Meditations… on the commodification of queerness
As Pride celebrations roll out around the world, brands and corporations are falling over themselves to signal allyship. Here, Manchester DJ and producer LOFT reflects on why we should be on high alert when it comes to the marketisation of queerness.
So there I am, a rainy Tuesday evening in June. I’m two broken hard drives deep and leaving for Germany in 12 hours, so I’m frantically cycling to Manchester’s CEX in a last ditch effort to resuscitate my laptop. In my hurried state, I make the admittedly foolish (but arguably legal) decision to turn left on a red light into a perpendicular cycle lane.
The number 92 bus comes right in from my blind spot. As I cycle past, the bus driver mouths an obscenity through the window. Imbued with a northern sense of self-righteousness, I call them a wanker and cycle on.
My mind really is on other matters. It’s quite possible I’ve just lost 12 months of half-finished tracks and stupid edits of Billie Eilish tunes – not the greatest loss, I’m aware, but it hurts nonetheless. I reach the top of Market Street and there it is again, the number 92 glowing in its yellow LED array. Of course, it’s parked across two sections of cycle lane. As I overtake to stop at the signal, I come past the window of the bus and make eye contact with the driver, then say some lukewarm comment about their spatial awareness.
This has apparently shaken the bus driver. They lean out of the window, and a suitably red face spits “why don’t you come up to Shudehill and we’ll sort this out you little poof?!” A magnificent display of character and fortitude. They’ve somehow managed to conjure this slur through a wormhole from 1982 and also failed to notice that the vehicle they’re driving is, in fact, covered in rainbow hearts.
Pride, eh? Ain’t it a funny thing. Simultaneously pervasive and yet somehow impotent in affecting social change. All around us companies are signalling their allegiance to the cause by selling us things and trying to remind us that they’re down with all non-heterosexual people. You’ve seen the LGBT M&S sandwich, you’ve probably come across the Lloyds TSB lanyard, but have you seen the eyebrow-raising Spotify playlist entitled Transcend?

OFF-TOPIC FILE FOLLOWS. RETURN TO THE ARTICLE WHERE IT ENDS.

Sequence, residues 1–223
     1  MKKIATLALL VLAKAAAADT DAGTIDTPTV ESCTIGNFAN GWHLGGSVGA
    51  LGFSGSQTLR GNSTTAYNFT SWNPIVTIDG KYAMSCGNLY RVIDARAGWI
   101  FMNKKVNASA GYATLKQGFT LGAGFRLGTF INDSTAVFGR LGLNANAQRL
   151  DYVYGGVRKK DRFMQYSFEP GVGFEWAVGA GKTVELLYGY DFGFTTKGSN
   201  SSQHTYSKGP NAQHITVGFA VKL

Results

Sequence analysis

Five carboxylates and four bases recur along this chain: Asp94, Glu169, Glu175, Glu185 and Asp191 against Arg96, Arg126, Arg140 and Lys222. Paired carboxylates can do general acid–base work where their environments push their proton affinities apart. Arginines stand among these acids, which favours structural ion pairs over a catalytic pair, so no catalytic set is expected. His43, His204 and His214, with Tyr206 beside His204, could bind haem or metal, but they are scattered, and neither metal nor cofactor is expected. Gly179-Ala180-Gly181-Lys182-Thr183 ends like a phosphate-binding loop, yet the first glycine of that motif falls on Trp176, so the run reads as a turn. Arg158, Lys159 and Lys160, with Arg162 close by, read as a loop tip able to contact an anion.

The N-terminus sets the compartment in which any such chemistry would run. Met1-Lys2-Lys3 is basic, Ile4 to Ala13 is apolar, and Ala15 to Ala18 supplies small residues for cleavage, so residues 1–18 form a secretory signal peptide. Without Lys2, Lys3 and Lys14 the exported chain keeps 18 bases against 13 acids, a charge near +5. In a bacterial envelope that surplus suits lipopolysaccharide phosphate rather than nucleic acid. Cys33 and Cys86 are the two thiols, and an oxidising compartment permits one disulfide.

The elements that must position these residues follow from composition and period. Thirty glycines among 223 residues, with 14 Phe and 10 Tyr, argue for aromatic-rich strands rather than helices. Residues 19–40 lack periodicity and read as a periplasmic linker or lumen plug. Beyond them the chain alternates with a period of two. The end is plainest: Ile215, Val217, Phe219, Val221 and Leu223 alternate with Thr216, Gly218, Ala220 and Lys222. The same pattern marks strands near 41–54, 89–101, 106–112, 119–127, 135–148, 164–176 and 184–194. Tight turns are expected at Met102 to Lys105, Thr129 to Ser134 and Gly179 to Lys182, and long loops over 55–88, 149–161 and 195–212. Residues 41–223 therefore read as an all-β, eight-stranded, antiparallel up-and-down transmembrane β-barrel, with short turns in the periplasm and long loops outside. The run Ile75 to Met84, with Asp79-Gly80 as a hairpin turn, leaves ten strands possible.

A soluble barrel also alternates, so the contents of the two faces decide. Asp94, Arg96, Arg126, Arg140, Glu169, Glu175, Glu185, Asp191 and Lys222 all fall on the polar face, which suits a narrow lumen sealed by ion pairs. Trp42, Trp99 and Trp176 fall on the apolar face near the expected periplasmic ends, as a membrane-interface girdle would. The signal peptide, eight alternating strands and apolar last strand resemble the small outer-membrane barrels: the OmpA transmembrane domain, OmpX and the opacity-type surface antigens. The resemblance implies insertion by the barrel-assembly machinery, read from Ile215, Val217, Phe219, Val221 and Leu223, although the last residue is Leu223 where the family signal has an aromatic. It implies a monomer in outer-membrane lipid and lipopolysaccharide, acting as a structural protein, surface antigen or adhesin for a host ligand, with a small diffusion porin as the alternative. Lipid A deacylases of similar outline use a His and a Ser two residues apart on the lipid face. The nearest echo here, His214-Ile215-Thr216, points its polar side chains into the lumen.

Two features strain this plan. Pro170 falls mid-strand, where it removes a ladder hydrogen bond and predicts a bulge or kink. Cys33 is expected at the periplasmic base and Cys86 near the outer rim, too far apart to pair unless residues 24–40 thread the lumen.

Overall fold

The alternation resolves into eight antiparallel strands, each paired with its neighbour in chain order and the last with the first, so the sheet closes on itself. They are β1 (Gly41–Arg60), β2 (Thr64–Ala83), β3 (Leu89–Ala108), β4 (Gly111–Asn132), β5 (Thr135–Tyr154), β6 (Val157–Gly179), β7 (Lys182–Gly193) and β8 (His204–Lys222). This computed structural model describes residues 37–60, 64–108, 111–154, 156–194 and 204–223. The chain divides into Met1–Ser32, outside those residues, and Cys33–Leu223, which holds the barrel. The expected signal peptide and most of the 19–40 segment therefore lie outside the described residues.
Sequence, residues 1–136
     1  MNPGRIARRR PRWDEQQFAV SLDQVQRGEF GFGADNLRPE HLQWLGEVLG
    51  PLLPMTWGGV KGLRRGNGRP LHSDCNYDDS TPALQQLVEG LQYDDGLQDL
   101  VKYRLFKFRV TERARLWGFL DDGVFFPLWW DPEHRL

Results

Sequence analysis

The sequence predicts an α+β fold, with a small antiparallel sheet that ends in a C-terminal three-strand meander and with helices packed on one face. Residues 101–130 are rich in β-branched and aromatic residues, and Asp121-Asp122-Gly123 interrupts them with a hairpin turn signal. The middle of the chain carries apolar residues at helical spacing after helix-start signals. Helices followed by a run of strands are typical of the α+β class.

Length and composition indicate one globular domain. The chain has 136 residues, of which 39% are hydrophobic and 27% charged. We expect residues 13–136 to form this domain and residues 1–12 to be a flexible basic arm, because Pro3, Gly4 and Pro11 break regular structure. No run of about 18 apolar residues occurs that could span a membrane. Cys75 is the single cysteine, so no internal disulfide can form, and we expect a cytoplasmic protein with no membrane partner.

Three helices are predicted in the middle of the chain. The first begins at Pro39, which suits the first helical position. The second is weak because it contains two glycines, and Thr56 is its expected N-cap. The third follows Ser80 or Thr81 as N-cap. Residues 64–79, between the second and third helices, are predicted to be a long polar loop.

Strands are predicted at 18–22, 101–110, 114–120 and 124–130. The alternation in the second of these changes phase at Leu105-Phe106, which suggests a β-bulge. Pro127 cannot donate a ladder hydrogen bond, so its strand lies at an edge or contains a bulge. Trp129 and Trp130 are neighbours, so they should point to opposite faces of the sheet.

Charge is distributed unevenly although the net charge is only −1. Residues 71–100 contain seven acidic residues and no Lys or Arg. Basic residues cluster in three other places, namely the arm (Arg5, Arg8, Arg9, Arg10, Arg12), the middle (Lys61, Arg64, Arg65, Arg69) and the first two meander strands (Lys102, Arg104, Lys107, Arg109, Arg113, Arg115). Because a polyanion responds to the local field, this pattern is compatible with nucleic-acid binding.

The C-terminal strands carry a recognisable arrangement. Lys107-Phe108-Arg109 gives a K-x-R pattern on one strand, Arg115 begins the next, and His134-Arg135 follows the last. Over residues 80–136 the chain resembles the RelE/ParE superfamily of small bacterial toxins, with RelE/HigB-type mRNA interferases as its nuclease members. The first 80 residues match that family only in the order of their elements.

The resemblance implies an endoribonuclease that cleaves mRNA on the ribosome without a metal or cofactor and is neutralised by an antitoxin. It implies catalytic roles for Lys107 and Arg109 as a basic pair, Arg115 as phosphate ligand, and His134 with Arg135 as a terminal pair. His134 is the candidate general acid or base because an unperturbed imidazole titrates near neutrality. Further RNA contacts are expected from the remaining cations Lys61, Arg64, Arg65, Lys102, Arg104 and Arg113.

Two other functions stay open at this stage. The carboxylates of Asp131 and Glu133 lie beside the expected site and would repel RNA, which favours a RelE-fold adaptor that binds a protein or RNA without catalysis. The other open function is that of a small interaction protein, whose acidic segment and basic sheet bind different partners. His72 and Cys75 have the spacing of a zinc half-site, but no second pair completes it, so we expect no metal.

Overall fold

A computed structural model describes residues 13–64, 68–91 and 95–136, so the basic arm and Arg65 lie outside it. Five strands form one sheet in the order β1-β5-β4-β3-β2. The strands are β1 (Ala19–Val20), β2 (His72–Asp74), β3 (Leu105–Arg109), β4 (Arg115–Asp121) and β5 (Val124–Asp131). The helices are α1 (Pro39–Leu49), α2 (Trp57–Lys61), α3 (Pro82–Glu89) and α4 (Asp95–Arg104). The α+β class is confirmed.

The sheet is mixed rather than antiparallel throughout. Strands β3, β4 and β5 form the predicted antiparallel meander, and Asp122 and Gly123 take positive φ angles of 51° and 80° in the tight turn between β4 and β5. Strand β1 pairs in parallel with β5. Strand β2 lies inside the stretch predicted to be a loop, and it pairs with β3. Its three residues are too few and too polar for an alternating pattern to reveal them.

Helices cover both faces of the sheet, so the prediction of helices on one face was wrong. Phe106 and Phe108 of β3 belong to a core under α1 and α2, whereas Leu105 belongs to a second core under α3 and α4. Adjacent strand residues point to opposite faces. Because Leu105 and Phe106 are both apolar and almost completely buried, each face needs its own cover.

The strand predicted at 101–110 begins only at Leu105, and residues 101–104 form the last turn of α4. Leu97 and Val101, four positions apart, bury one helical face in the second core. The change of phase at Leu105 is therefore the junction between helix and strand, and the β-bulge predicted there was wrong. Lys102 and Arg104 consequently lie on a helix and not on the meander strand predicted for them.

When I first came across the playlist, the artwork was a pink, white and blue gradient, the colours of the trans flag. This has since been updated to a rainbow gradient with SOPHIE dead centre. The playlist, exclusively featuring trans and gender non-conforming artists, comes with a provocation to “take gender and genre to the next level.” Now I’m no Liz Pelly, nor am I the Final Boss of Gender, but I don’t think one needs to be in order to see this is as the kind of shallow, insidious marketing ploy of inclusion in which Spotify is so accustomed. I mean no shade towards anyone that has found this playlist engaging – a brief flick through to the updated tracklist shows it is, in fact, wall-to-wall heaters. However, just because a playlist bangs doesn’t make it inclusive. While this can be taken on face value as a celebration of queer artists, beneath that there is an othering. To me, it says “we appreciate your struggle but we do this by highlighting your difference to us while also flattening any difference within your group.”
This also serves to reinforce heteronormative assumptions of queerness. Since we are raised in a society with such logic at its very core, it’s incredibly easy to find oneself reflecting back these inflated caricatures, which ultimately leads to internalising the very same phobias that create othering in the first place.
It’s this othering nested within the marketisation of pride that ultimately makes the celebration feel so hollow and impossible for me to engage with, never mind the incredibly steep ticket prices. All of that being said, my queerbait princess Ariana Grande is headlining the PureGym Thomas Cook Boohoo Manchester Pride Weekender™. I suppose my hands are tied.
and departt from mono games is out now via Tri Angle Records.